Chaos Book Summary - Chaos Book explained in key points
Listen to the Intro

Chaos summary

James Gleick

Making a New Science

4.6 (251 ratings)
22 mins

What is Chaos about?

Chaos (1987) delves into the most recent theoretical revolution in physics: chaos theory. In the 1970s, scientists began discovering that the world doesn’t behave as neatly as classical physics suggests. From the weather to animal populations to our heartbeats – irregularities, disorder, and chaos pervade our universe. And yet, there seems to be a strange order to the chaos of life. Chaos explores the history of this new science, revealing its startling findings, and pondering its implications.

Table of Contents

    summarized in 9 key ideas

    Audio & text in the Blinkist app
    Key idea 1 of 9

    Meteorologist Edward Lorenz became the intellectual father of chaos theory after discovering the unpredictability of weather.

    How much do you trust the weather forecast?

    In the 1950s, scientists were highly optimistic about the possibilities of predicting – even manipulating – the weather. This hope lay in new computer technology.

    Of course, they knew that it was hard to get perfect measurements on something as complicated as the weather. But they thought that with good enough data and a lot of computer power, it would be possible to calculate the weather for months ahead – at least roughly.

    They’d no idea how fragile, unstable, and chaotic physical systems like the Earth’s weather really are. It took a mathematically-minded meteorologist to demonstrate this.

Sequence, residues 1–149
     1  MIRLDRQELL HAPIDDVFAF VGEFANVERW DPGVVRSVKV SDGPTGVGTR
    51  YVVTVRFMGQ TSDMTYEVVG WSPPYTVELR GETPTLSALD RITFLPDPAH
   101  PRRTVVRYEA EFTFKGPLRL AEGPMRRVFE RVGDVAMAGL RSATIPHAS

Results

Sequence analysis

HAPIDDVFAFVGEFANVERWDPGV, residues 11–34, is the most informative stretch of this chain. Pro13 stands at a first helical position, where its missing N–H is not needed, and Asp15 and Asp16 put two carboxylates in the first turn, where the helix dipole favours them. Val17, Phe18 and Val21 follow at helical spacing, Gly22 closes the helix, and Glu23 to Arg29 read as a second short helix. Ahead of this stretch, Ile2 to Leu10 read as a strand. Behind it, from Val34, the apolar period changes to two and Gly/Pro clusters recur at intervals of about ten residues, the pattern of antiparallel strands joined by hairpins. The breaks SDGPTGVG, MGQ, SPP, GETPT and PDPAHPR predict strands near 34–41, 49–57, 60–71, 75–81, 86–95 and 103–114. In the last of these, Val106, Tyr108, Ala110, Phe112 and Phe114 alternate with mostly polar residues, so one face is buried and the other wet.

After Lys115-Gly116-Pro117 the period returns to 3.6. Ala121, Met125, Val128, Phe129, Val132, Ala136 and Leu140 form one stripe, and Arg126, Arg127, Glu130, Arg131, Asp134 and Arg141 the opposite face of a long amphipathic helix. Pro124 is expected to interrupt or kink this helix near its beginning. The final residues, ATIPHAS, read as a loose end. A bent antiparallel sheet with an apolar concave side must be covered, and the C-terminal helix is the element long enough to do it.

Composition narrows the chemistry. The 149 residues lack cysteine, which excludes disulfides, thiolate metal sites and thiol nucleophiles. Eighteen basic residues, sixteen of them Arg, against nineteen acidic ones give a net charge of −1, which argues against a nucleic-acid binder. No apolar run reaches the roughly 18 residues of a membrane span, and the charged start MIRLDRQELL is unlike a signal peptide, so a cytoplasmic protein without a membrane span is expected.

Here’s the key message: Meteorologist Edward Lorenz became the intellectual father of chaos theory after discovering the unpredictability of weather.

    In 1960, Edward Lorenz began running a weather simulation on his brand new computer. He wanted to study how weather patterns change over time. And he stumbled on something deeply unsettling.

    Lorenz’s weather simulation was pretty simple – it didn’t even have clouds. Conditions like temperature and airstream were represented by numbers. To study how they behaved over time, Lorenz would pick one of those variables and print out a graph that plotted its fluctuations.

    One day in 1961, he wanted to rerun a simulation from the day before. But he decided to start in the middle of the simulation, typing in the numbers from the previous printout by hand.

    At the beginning, the second simulation behaved just like the first. But then, the variables’ behavior started deviating. As simulated time went on, they got more and more out of sync. Finally, the motion of the second graph looked totally different from the first.

    What caused this massive incongruity? Lorenz had typed in the numbers from the previous simulation only up to the third decimal point. For airstream, for instance, he’d typed in .506. But the computer’s calculations actually ran up to the sixth decimal point: .506127. Somehow, this tiny difference was enough to throw the weather prediction completely off the previous track.